For the past century or so, diamonds have been regarded as the ultimate luxury. From being embedded on something as small as a tooth, to having a whole car bejewelled, there is no stopping the glory and grandeur that diamonds promise to bring. Clearly, only the rich and those willing to spend will be able to splurge on these luxury items, whereas the poor only get to long for such things. This leads to two very interesting questions: Why are diamonds so expensive, and why does everybody want a piece of it? This article will seek to answer those questions from the economic and psychological aspects and will hopefully shed light on these matters. By the end of the article, the reader will realise very well that diamonds are not a sustainable commodity, or as I would put it, diamonds are not forever.
The True Value of Diamonds
A quick search over the internet will show just how expensive a piece of diamond could cost. A 0.32 carat diamond, which is roughly 64 milligrams, may start at a price of over $1227. To put that to scale, two grains of rice weigh around 60 milligrams. The price of 64 milligrams of gold, in comparison costs only $2.70. This exercise goes to show that diamonds are ridiculously priced. We also learned that gold is much cheaper even though gold is also regarded just as luxurious, if not more. From this, we know that diamond is more expensive than gold, yet only gold is being traded as commodities. This is rather confusing because something of such great value should justify it being traded as a commodity. This fact alludes to two things; that diamonds are simply far too rare to be traded, or that it really does not have any true intrinsic value. We will now move on to discover whether any of these claims are true.
The fact that diamonds are very rare minerals is obviously easy to believe, since it is rarely seen, compared to the likes of rubies or sapphires. In addition, its very high price suggests that it is indeed a very rare mineral. In truth, however, they are not as rare as the reader would think. Diamonds are plentiful in numerous different parts of the world, and there are warehouses full of them waiting to be sold. In fact, it is the most common gem on our planet. This is because essentially, diamonds are just a different form of carbon, which means that the element of diamond is actually just carbon. The carbon element has an abundance of 200,000 parts a billion, which is at least 50,000 times more than the abundance of gold which only has a concentration of 4 parts per billion in the Earth’s crust. Interestingly, scientists have found ways to turn graphite (another form of carbon) into diamond under very high pressure and temperature. Although this process is currently expensive and tedious, there is no telling how much it will progress, what with the technological advancements in this age. However, conspiracy theorists will argue that this technology will never be revealed at all. We will discuss why these conspiracy theories arise in a later section. To conclude, diamonds are not rare as proposed, hence rendering the first claim false.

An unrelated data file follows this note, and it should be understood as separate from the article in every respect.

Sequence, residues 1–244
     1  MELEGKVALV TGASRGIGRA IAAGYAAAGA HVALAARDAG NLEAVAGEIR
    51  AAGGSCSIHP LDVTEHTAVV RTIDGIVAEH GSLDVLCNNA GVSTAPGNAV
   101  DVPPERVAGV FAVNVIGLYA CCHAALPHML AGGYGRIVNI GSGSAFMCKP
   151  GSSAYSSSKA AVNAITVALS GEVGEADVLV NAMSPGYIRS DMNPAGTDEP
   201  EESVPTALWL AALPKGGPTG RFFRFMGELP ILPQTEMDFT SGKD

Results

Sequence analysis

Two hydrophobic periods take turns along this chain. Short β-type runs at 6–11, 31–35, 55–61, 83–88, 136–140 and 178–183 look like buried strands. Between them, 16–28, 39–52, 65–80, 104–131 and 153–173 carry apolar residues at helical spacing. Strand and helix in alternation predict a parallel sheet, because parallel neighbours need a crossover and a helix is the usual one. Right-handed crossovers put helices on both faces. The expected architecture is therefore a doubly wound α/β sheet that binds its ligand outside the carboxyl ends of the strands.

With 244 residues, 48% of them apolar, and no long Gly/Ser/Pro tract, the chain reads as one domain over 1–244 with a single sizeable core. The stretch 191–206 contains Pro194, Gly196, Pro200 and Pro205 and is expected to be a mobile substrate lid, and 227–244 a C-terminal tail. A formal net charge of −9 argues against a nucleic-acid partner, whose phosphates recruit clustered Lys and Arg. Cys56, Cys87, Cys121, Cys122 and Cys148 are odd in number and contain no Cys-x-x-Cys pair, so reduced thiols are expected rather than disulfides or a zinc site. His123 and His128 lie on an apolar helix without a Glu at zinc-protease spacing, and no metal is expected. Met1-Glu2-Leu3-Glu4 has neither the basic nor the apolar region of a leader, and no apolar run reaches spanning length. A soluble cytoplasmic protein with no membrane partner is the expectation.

The next claim is that diamonds have no real intrinsic value, which is why it is not being traded as a commodity. Since diamonds are not rare, then why are they not traded as commodities if they hold such high value? This must indicate that diamonds do not have as much value than what the general public thinks. This is where the discussion gets a little tricky for it makes no sense at all that diamonds can be worthless yet priceless at the same time. It turns out that all it needs to make something priceless is to make the people “perceive” it as priceless. “It is only true, if people believe it is true” (Ler, 2014). This can be reflected in the example of how people used to believe that the Earth is flat, where everybody believed it is true, hence making it the “truth”.
The Marketing of Diamonds
The phrase “A Diamond is Forever” that we have grown fond of over generations is actually the main slogan of the De Beers company. The slogan itself is enough to make one believe that a diamond’s worth is indeed everlasting. More importantly, it brings with it the image of luxury when it comes to diamonds. The intrinsic meaning of this slogan appealed to the general audience subconsciously, making the diamond a much sought-after gemstone. When there is a substantial increase in the demand of a certain product, the price will also increase with it. In reality, there are so many other precious stones that are rarer and with far more brilliant colours. However, they cost less simply because the demand for these other stones could not compare with that of a diamond.